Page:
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John Barleycorn
1999 by Martina Mertes
http://members.aol.com/Oszilla

Interlude: The Ruin of Many a Poor Boy

If anything had gone right for Bers Jeffcham in the last couple of weeks, he must have blinked and missed it. It had started when Lord Halla's daughter and her band of girl thugs had ridden stampede through his family's star melon harvest. Thank Zakarum his grandfather had been able to get the House of Halla to pay for the damages. He had been counting on profits from that harvest to pay off his debt to Farmer Lester.

He had arrived in Tristram with roughly a sixth of his harvest and 800 gold pieces from the House of Halla's treasury. That was plenty to pay off Lester and still have a respectable profit left over. When he saw some rivermen playing a game of Skull Dice on the docks, Jeffcham saw a golden opportunity to build on that profit.

After three throws, he had to dip into the 500 gold pieces he owed Farmer Lester. After ten more rounds, he was down to his last gold piece. If he didn't get that money back Lester would all but own him and his entire family. There was nothing to do but to wager the last coin, pray to whatever gods were listening, and throw the dice.

He won and doubled his money.

Then that Wirt kid showed up and won it all on a single throw. Lousy little square-headed yellow-eyed wad of scavenger droppings had raked it all into his bag with a smug little smile on his face.

He threw the dice again and won again. Four gold pieces. He threw again and won again.

And again.

And again.

Five incredible throws later, he had 512 gold pieces. Fortune had blessed him. He knew in his heart that he would just keep winning for as long as he kept playing.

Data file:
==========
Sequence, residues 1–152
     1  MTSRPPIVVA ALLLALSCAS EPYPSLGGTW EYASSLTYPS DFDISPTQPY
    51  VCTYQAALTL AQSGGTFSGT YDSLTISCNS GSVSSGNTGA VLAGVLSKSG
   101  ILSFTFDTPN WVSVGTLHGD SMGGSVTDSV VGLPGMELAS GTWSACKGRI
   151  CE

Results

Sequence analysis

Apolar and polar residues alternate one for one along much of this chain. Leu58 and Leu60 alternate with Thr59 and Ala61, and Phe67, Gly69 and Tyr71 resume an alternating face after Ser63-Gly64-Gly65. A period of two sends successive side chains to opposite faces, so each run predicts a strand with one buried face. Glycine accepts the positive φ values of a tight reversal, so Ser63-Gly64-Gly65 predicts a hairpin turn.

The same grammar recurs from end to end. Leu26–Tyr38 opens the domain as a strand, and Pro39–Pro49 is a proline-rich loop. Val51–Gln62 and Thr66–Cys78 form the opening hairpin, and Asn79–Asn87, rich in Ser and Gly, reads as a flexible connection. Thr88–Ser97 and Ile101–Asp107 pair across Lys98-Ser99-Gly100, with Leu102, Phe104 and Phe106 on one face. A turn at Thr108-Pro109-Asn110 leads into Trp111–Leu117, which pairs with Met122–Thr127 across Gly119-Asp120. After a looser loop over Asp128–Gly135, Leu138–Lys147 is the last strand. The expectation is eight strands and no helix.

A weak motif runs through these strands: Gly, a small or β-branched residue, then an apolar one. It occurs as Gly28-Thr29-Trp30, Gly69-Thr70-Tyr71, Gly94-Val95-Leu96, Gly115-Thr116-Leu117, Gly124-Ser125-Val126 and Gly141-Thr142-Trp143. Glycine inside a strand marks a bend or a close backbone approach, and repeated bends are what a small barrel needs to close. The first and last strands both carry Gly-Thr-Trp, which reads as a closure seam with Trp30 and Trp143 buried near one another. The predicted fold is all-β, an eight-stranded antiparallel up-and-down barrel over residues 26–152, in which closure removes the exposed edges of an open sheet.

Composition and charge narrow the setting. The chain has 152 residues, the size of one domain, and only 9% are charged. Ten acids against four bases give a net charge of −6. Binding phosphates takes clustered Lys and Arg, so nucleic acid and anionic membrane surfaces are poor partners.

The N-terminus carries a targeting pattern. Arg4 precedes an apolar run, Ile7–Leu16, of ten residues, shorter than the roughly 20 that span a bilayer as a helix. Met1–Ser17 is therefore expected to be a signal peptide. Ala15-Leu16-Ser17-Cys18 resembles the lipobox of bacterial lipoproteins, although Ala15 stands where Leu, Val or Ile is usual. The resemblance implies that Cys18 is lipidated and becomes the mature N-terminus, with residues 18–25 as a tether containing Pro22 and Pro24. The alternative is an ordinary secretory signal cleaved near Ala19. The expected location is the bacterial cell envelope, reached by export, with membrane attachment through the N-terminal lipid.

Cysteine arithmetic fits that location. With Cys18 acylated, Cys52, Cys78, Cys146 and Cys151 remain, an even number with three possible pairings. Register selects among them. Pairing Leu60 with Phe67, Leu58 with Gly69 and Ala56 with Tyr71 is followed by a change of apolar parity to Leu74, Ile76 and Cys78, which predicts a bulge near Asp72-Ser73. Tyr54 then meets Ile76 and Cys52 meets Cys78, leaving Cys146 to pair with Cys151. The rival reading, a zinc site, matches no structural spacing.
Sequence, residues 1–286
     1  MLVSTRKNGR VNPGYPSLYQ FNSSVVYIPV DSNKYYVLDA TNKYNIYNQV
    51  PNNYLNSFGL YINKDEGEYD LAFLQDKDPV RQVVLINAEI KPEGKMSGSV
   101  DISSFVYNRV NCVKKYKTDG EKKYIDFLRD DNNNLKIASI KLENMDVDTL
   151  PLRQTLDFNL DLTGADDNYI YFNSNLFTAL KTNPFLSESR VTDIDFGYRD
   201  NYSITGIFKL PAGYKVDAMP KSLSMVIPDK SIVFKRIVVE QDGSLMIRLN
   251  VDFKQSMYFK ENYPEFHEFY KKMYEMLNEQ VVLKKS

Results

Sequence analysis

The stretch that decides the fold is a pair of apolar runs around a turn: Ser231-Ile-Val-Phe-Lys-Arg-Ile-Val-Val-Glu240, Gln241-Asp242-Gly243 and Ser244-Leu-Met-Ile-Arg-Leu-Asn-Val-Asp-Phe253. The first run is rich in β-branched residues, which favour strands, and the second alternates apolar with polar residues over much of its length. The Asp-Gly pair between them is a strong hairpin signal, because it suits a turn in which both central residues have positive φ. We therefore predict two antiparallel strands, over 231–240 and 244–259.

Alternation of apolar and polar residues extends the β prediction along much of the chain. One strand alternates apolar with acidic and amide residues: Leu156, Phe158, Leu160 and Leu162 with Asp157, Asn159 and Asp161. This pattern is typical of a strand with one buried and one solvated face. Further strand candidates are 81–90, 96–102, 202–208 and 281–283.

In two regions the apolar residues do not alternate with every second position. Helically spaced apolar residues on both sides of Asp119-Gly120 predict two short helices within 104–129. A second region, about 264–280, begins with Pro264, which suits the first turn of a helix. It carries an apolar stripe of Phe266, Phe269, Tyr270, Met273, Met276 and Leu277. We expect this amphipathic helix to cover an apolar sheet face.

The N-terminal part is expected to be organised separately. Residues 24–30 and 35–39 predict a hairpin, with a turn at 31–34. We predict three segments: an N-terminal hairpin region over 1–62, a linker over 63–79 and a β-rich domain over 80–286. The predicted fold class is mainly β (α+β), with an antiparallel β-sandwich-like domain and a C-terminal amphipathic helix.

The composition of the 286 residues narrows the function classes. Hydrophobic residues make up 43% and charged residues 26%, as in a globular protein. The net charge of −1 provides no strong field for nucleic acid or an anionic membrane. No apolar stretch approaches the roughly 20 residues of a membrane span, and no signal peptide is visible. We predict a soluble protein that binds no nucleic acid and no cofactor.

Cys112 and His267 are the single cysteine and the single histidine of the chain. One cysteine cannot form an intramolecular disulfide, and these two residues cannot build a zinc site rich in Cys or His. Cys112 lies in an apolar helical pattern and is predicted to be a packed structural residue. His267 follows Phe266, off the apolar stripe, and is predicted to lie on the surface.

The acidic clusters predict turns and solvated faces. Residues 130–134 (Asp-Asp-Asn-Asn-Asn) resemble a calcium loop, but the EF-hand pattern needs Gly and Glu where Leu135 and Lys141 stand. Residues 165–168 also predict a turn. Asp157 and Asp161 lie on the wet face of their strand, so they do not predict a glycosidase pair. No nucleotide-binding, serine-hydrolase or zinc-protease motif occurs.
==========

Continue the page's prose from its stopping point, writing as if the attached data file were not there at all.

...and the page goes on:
Then that Wirt kid showed up and won it all on a single throw. Lousy little square-headed yellow-eyed wad of scavenger droppings had raked it all into his bag with a smug little smile on his face. He'd had no intention of giving Jeffcham a sporting chance to win it back.

Farmer Lester had been somewhat less than understanding. He gave him until the end of Caravan's stay in Tristram to come up with the money or Jeffcham would be looking at years of indentured servitude. A usufruct, he'd called it.

Well, he was usufruct all right. He'd sold most of his remaining star melons, but that hadn't even come close to raising the funds he needed. Particularly after he'd gambled those meager proceeds away.

It was after his last loss that he'd noticed the grinning wizard. The man had practically been skipping along the docks. Wizards were rich and this one was obviously drunk. If that wasn't opportunity knocking, nothing was.

Jeffcham smacked the orange-robed man across the back of the head with a barrel stave and went through his pockets. He must not have been a very good wizard, because he didn't have much money. He did have a belt full of potions though.

Selling the potions had been a problem since he didn't know what most of them were. The innkeeper at the Tavern of the Rising Sun wouldn't offer him more than a lousy twelve gold pieces apiece for the Mana potions. That seemed to be the going price. Ogden had thrown in a bottle of wine, and that was about the best deal he was going to get.

Now Jeffcham sat next to his last half-crate of star melons on the dock with an empty bottle of wine and a collection of potions that he could neither identify nor sell. Something had been growling at him from the darkness.

"Ah, shut the hell/hell up," shouted Jeffcham at Hrrarrgrrsh-chutt's dogs. Acid hounds weren't so tough once they were caged and muzzled. He threw the empty bottle at them and one of them whined.

Jeffcham considered his potions. He remembered a tale he had once heard about a bottle, much like one of these, that had had a genie inside. Shrugging, he opened one. It smelled vile.